After a successful exhibit at the Gardiner Museum, we headed to Copenhagen to participate in and present our findings at the conference ’Culture in Urban Space.’
The first three days of the conference were spent touring around and learning about the danish city.
Copenhagen is thoughtfully planned, with the design prioritizing the human experience. Much of this approach is influenced by Jan Gehl, an architect and urban designer who, in the 1970s, posited that designers and planners should always begin by looking at the space between buildings. His ideas for a well planned city were shaped by his interest in the intersection of architecture, planning, psychology and sociology (Read more about his theories and concepts here). Crazy Dames had the pleasure of visiting Gehl Architects (and meeting Jan Gehl himself!) to discuss our work and the work that the firm is doing in Toronto specifically with the TO Core Parks and Public Realm plan. Specifically, we are intrigued by the firm’s process, which is rooted in consultation and ethnography and aims to be ‘human-centered’.
As a human-centred city, Copenhagen is a cycling and pedestrian paradise.* Every road is accompanied by a bike lane. In the newer areas of Copenhagen, the mantra ’ build it and they will come’ rings true. Bike paths are built first - they weave through forested, unpaved areas. A recently built bicycle bridge (Cycle Snake or Cykelslangen) connects you over the harbour to the downtown.
Even though international, Copenhagen is a mid-rise city, with most buildings ranging between 3-6 storeys. There is a by-law that prohibits tall buildings in the centre. In the sprawling Orestad, which hosts some of the best architecture in the world (including 8Tallet designed by BIG Architects), there are many apartments still empty. Some argue its because high-rises are not ‘hygge’, a word that means ‘cozy’ in Danish.
As a human-centred city, art is integrated within it as it resolves. With an expansion of the metro currently underway, much of the City is under construction. Not only does the construction barely affect the bike lanes and pedestrian pathways (there are always temporary paths built around the obstacles), the City incorporates construction hoarding that features beautiful, innovative and interesting works of art. Toronto has a similar initiative - The Patch Project (Public Art Through Construction Hoarding) - which is working to convince the City that art on construction hoarding can greatly improve the experience of traveling through a City. In Copenhagen, this concept is greatly appreciated and celebrated.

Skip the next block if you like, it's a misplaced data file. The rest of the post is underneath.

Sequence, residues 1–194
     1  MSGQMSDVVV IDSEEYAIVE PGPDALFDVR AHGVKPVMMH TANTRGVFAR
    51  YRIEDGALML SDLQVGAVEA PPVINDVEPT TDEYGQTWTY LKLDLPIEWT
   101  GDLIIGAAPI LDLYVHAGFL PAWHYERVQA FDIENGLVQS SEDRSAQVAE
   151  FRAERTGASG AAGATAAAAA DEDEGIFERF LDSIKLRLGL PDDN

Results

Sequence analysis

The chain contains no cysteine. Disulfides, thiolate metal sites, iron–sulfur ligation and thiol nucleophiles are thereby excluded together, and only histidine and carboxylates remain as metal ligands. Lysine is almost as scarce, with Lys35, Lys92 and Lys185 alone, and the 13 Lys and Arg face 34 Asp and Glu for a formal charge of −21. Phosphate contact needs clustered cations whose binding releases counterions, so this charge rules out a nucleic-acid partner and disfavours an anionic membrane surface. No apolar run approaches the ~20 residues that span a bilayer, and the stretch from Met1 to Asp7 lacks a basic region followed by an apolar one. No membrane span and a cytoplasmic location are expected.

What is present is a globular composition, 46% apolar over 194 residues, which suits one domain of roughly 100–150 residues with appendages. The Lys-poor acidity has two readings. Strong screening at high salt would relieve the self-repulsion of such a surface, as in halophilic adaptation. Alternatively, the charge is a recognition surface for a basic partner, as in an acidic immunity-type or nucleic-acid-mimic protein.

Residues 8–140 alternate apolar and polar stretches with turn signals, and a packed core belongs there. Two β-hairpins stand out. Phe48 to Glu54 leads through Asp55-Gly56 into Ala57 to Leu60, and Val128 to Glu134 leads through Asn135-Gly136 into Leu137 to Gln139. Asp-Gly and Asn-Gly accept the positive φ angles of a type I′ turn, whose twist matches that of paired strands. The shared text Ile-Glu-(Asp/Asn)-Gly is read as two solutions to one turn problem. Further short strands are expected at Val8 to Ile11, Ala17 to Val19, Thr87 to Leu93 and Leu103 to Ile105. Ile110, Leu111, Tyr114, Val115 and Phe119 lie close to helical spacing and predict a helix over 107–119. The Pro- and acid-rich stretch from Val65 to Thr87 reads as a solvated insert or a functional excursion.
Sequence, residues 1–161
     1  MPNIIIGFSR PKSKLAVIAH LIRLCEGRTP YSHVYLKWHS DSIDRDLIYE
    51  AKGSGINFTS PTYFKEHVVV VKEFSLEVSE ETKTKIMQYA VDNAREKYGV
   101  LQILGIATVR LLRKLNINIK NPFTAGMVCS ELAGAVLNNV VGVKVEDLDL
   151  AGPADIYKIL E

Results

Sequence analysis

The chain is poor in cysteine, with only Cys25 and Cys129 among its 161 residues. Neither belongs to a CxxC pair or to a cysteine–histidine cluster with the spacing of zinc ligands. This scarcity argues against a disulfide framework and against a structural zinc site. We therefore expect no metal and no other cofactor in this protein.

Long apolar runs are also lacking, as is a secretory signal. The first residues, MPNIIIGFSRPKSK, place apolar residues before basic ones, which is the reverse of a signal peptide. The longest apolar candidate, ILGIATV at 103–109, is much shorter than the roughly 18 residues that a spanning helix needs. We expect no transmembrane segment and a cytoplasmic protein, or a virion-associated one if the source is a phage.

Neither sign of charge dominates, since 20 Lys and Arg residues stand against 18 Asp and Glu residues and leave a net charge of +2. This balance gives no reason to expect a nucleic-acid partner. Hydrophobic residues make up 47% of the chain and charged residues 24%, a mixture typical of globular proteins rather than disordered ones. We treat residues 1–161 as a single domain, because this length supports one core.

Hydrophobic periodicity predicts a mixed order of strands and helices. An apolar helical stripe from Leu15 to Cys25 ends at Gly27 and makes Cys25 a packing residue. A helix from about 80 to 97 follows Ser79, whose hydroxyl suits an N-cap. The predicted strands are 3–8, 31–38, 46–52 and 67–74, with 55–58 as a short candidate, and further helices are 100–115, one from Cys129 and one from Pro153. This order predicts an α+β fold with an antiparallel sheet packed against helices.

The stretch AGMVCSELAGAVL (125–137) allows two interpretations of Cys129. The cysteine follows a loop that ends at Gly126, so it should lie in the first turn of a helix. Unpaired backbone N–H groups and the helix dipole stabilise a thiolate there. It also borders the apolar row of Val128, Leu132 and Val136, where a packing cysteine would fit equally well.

Because the City is dense, public space is produced in a creative way - sidewalks were animated with cafes and temporary furniture, mid-rise residential buildings encircle shared courtyards, schoolyards and public squares co-existed and creative swimming areas were created.
We were especially interested in the relaxed rules on safety - play and discovery were prioritized. Children’s schoolyards were placed in urban squares and beside cycling lanes, the Tivoli amusement park incorporated log games that in Canada would be deemed unfit for children. This allowance for playful interaction with the City is missing in North American cities.
*Sara’s cycling paradise quickly turned to hell when she got her foot caught in the spokes of an electric bike, which contributed to an interesting and not so accessible second half of the trip.
When developing We Built This City, we had four key considerations for how the artist studio could contribute to the urban planning process/landscape:
1) To act as an educational forum where participants can learn about how urban planning works, specifically the TOcore Study, and how they can inform the process. A creative process such as this can also help develop interest and excitement around urban planning issues and ask participants to think about our city in new ways.
2) To engage diverse communities that typically do not participate in conventional public meetings. This includes youth, people of colour, artists, museum goers etc.
3) To foster out-of-the-box thinking - By bring together urban ‘professionals’ (planners, urban designers and architects) and the general public in this creative forum, where the goals are exploration and discover, the professionals are asked consider new ways of thinking about urban planning processes and develop new perspectives on the ‘business as usual’ approaches to planning.
4) To elicit feedback from the general public about what is needed in the downtown core, which could potentially contribute to the City’s TOcore initiative.
While we felt the project successfully acted as an educational forum that engaged new communities, we are interested in exploring ways our process can solicit more meaningful feedback, better engage artists and urban professionals and address other themes of equity and inclusivity. Some ideas include: